CDA-sponsored legislation that would require dental plans be more transparent about how patient premium dollars are spent passed on the Assembly floor May 28 by a 76-0 vote.
AB 1962 (Skinner; D-Berkeley) would require dental plans to disclose information necessary to evaluate a dental plan’s costs of administering dental care coverage in comparison to amounts paid for patient care. The bill also sets up a process for establishing a medical loss ratio (MLR) for dental plans by 2018, which would require a certain percentage of patient premium revenue to go directly toward patient care.
CDA spent considerable time working with the Assembly Appropriations Committee to address concerns raised by the dental plan industry that establishing an 80 to 85 percent medical loss ratio (MLR) standard in law, as the legislation initially set out to do, would destabilize some dental plan markets and threaten the availability of low-cost plans.
Ultimately, not all of these concerns could be resolved, but the committee agreed to amendments that, while not creating an MLR standard at this time, would provide the information necessary to determine what MLR would be appropriate for dental plans. Because dental plans currently self-report without consistent standards to adhere to or disclosure of any of the detailed information necessary to verify loss ratios, there is a lack of reliable data for the state to develop an evidence-based MLR standard.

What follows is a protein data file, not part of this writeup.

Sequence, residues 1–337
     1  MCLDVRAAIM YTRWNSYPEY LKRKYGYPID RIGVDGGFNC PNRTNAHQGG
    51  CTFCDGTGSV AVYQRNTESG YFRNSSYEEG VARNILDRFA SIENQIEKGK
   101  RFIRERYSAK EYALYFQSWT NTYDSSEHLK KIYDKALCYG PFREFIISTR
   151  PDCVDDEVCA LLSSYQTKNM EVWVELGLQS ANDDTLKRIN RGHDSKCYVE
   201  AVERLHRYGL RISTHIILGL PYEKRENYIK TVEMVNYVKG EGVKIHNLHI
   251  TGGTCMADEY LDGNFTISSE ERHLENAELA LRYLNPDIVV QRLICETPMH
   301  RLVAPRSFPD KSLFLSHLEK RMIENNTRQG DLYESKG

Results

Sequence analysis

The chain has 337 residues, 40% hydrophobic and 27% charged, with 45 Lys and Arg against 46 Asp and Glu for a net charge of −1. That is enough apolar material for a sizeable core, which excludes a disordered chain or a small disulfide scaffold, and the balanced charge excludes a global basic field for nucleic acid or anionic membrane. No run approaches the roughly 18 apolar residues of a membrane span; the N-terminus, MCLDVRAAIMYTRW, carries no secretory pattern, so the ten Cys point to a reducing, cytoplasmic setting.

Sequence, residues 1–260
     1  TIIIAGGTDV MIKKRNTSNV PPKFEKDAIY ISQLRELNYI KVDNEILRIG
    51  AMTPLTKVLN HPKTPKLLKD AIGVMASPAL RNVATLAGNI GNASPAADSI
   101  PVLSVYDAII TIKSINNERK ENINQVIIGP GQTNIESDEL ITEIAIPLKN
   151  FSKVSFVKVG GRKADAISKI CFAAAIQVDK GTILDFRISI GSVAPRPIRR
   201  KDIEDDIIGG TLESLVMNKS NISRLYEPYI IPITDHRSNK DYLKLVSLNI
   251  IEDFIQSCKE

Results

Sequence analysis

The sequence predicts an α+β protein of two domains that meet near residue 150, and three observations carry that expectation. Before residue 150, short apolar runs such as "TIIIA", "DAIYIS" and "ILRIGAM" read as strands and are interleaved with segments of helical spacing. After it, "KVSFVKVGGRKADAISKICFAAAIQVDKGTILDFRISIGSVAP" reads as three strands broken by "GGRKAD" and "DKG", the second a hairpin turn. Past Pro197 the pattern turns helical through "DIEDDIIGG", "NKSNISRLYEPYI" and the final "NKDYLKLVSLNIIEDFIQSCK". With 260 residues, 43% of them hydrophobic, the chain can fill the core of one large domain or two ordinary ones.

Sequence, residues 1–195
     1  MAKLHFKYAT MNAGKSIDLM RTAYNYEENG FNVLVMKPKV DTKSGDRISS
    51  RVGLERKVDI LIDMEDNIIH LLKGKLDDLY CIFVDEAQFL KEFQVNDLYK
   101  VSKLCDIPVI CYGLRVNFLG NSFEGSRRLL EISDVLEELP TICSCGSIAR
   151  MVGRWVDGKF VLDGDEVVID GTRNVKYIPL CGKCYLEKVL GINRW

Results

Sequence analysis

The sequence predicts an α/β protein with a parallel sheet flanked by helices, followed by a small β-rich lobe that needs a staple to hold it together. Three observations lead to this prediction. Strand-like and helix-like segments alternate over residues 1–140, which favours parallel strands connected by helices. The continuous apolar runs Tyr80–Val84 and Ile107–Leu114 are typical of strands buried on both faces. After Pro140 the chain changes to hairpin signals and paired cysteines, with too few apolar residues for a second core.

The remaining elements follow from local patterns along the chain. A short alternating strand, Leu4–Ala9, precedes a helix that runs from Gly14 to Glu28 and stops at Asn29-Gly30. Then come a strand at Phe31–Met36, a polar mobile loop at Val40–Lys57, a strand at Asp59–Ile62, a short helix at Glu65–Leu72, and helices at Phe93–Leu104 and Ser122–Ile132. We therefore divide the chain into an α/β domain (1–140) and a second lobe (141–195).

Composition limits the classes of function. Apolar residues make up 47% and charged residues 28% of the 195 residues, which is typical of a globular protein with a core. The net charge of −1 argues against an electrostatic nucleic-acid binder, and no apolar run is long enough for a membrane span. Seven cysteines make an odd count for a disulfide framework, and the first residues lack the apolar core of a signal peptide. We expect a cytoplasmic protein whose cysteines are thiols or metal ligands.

With these amendments, AB 1962 will:
- Require dental plans to uniformly and publicly disclose the financial data necessary to assess dental plans’ current loss ratios.
- Bring dental plan reporting to state regulators to the same level as is currently required for medical plans.
- Declare legislative intent to adopt formal MLR standards for dental plans effective Jan. 1, 2018.
“The critical value provided by AB 1962 has been increased transparency so we are pleased to see the bill move forward,” said CDA President James Stephens, DDS. “The bill achieves the goal that thorough information has to be disclosed. Additionally, with these amendments, disclosure will be done by plan product type, which is a huge opportunity for comparing the value of HMO products as compared to PPOs for patients.”
An MLR was included in the federal Affordable Care Act and then reinforced in state law for full-service health plans. Without such a requirement for dental plans, available data indicates that in California the amount of premium revenue allocated to actual dental care ranges from 38 to 81 percent, although currently, there is no easy way for patients or public policymakers to obtain that information.
In addition to Assemblymember Skinner who introduced AB 1962, the bill is co-authored by Assemblymembers Susan Bonilla (D – Concord), Rob Bonta (D – Alameda), Chris Holden (D – Pasadena), Richard Pan (D – Sacramento), Raul Bocanegra (D – Pacoima), Marie Waldron (R – Escondido), Brian Nestande (R – Palm Desert), Shirley Weber (D – San Diego), Sen. Tom Berryhill (R – Modesto) and Sen. Holly Mitchell (D – Los Angeles).
AB 1962 will now be heard in the Senate.